Rhenian Open Air Museum Kommern
We first visited this open air museum in 2004, and have been there once or twice since. It is a really beautiful, idyllic place; much larger than the open air museum in Grefrath.
Mailbox outside the Gastwirtschaft zur Post (Post Inn), located in an old farm building
I feel a bit lazy and I don´t think I could put it any better, so I´ll just quote the description on the homepage: "About 60 buildings from all over the Rhineland - residential buildings, farmyards, windmills, workshops, but also village community buildings such as a school and bakery, a dance hall and a chapel - have been reerected in the museum. Most of the buildings were reconstructed in their 'original' condition after being moved."
"The oldest buildings date from the 16th century. On the other hand, furnishings show the economic and living conditions of the 19th and early 20th century... While walking around the museum grounds, you will encounter all the animals which formerly characterized the image of the village - not just the cock on the muck-heap. The animal breeds reestablished in the museum, such as 'Glan-Donnersberger' cattle or German 'Weideschwein' Pigs in the museum's forest cannot be found in any zoo!"
Old village store
"Throughout the whole year you can witness traditional work, which changes on a daily basis: preparation of good country meals on an antique stove, baking bread in the parish bakery, forging iron nails - Auntie Emma - in the corner shop, the country postman wearing an imperial uniform, farmers with a yoke of oxen, the weaver-woman..." We didn´t see much of that when we were there but the second time we came they had reenacted of a traditional fair, which was lovely.
In addition to the traditional buildings, there is also a modern museum complex which houses both temporary and permanent exhibitions. There is a really good exhibition on Rhenian emigrants to America, as well as a display of antique toys and various others.
Windmill from the Nether Rhine region; it´s a capped windmill which only turns its roof part with the wind.
Rosy and the spooky disembodied spirit hand...
Open Air Museum Kommern 2010
We returned to Kommern in April 2010 for the Vintage Fun Fair. This time, Saffy got to come.
Farm from the Bergisches Land region
Some interiors from the Bergisches Land region
Farm from the Eifel region
Landvermessungsturm, ca. 1939. This land surveying tower was used as a land mark visible over great distances for creating maps etc.
Bockwindmühle (Post Mill) from the Nether Rhine region. The entire mill turns with the wind.
Inside the mill.
Inside the old post office
Exterior of the village store, Westerwald region
Interior, Westerwald region
Old Smithy, Westerwald region
Jahrmarkt Anno Dazumal: Vintage Fun Fair (1900 - 1950).
The annual vintage fun fair has booths and attractions from between the 1900s and 1950s. They are trying to give an impression of how fun fairs and life for the fairground artistes were in the past, as well as trying to offer something that complies with modern day tastes and regulations.
Duck fishing. I loved that as a child!
Saffy is small but strong...
... and sexy. Hau den Lukas/High Striker.
Vintage shooting targets dating back to the 1900s
"The Miracle of Photography"
Gingerbread hearts were everywhere, along with candy floss, candied apples and other fruits, sugar canes in all colors of the rainbow and roasted almonds.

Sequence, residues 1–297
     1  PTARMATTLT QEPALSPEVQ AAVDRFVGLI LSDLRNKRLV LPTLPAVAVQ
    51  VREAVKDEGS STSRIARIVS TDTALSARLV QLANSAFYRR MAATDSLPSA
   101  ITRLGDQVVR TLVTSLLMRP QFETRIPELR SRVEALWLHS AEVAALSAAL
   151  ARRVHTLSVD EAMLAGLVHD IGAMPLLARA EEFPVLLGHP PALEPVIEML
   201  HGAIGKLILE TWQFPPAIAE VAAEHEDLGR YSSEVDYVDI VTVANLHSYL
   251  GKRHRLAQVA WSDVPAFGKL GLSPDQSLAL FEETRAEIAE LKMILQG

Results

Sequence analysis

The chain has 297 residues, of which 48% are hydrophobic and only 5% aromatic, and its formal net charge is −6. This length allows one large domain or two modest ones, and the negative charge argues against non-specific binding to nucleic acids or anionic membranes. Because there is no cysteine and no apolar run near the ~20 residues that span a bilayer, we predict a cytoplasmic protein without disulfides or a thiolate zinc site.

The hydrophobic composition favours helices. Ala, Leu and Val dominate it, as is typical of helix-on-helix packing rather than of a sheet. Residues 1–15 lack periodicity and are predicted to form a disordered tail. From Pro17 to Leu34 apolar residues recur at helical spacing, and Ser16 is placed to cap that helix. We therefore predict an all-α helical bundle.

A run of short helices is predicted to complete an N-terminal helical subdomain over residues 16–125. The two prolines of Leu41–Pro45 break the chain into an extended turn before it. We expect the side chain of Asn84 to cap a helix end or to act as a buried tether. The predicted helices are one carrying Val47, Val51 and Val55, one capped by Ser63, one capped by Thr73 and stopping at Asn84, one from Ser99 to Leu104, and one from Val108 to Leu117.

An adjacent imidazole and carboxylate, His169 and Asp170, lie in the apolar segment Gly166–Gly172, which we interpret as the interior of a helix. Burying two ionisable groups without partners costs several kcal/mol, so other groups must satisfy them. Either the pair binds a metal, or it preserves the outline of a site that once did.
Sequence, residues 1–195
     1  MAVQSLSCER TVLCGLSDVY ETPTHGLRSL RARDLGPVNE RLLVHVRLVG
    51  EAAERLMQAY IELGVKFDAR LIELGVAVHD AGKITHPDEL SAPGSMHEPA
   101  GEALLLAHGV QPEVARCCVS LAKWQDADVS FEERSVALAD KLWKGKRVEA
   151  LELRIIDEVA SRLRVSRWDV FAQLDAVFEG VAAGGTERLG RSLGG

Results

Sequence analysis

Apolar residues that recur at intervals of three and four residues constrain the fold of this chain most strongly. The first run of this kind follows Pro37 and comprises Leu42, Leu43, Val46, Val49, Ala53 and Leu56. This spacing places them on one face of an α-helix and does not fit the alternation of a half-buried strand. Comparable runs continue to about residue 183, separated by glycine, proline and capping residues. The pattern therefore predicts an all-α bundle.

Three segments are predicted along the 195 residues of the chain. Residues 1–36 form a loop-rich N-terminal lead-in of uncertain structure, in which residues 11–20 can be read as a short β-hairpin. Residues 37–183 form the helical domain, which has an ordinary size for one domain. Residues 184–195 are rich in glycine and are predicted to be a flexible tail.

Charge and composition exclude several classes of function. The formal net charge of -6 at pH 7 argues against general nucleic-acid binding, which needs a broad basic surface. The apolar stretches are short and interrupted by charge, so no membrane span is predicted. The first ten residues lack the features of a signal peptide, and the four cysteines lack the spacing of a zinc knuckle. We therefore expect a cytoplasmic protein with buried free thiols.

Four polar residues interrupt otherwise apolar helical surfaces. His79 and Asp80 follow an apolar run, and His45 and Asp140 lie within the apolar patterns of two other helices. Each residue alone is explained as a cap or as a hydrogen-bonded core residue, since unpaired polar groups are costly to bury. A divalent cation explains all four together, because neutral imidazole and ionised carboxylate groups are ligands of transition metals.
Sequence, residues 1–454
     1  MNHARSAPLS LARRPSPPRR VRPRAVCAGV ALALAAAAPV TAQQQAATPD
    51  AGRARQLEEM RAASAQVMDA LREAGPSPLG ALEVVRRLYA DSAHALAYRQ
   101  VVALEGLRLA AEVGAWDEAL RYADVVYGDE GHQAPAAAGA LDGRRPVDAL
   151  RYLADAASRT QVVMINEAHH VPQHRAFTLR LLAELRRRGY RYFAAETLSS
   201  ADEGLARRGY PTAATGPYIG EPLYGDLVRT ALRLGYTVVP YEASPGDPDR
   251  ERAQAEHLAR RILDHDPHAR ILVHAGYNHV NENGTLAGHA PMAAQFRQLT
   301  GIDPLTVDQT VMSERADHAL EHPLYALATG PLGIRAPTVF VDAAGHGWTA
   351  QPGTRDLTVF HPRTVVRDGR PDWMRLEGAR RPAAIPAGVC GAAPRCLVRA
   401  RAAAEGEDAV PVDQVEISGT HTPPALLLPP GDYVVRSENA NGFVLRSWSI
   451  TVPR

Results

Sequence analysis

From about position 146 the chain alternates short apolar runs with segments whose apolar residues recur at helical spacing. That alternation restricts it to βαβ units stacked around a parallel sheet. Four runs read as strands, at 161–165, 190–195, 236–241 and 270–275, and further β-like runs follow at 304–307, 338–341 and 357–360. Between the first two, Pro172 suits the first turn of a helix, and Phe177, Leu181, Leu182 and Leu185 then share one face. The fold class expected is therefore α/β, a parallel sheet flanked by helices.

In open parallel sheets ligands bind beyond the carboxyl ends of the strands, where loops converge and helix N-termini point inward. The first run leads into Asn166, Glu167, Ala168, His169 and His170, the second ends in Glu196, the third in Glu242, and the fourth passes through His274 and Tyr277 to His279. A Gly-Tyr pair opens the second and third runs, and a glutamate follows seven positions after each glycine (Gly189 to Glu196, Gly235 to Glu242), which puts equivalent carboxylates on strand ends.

"Schwanenflug" Kettenkarussell - Flying Swing "Swan´s Flight"
Saffy: Tee hee! This gingerbread heart was meant just for me! (The icing says "little doll").
In the bright sunlight, the vintage ghost ride - dating back to 1949 - doesn´t look too scary.
Let´s give it a try!
The director of the Flea Circus was also a Magician.
There were other artistes, too: Illusionists, a Strong Woman, a tightrope act, a Laterna Magica performance, and of course a Fortune Teller.
Much to Saffy´s enjoyment, one of the booths displayed a miniature fairground for dolls. There were even some Playmobil figures among the visitors...!
One of my favorite booths: Das Panoptikum (Curiosity Cabinet). Doesn´t it look as if it has eyes following the passers-by?
You´d look through one of the peep holes in the front and see the display inside.
This curiosity cabinet contained a delightful mixture typical of the things that used to be displayed this way.
Scenes and people from all over the world (remember, this was in an age before people could easily travel everywhere or get familiar with even the most exotic places via T)...
The National Assembly of France in Paris at night - you could pull a string and the image switched to show it by day).
A "tattooed savage from America" (sorry, but that´s what the sign said...)
Leftovers from a cannibal meal
Das Handwerk des Zitronenfalters (this pun only works in German - "Zitronenfalter" is the German term for the brimstone butterfly, but can also be interpreted as "someone who folds lemons").
Historical scenes and memorabilia (the genuinity of which may be debated...)
The bloody shirt of Emperor Maximilian I of Mexico (an Austrian prince, brother of Sissi´s beloved Franz-Josef, who became emperor of Mexico in 1863 on invitation of the Mexican nobility and was executed after a republican revolution in 1867.)
The Terrors of Torture
Natural History Curiosities:
Left: Siamese Twins Right: The symptoms of syphilis
As you can see, the traveling curiosity show aimed to give people a glimpse into the big wide world out there - satisfy their craving for sensations: sex, violence and gore sold already back then - but made a point to leave them with the feeling that "out there" was pretty scary and dangerous and they were not that bad off in the comparatively safe little place that they were in.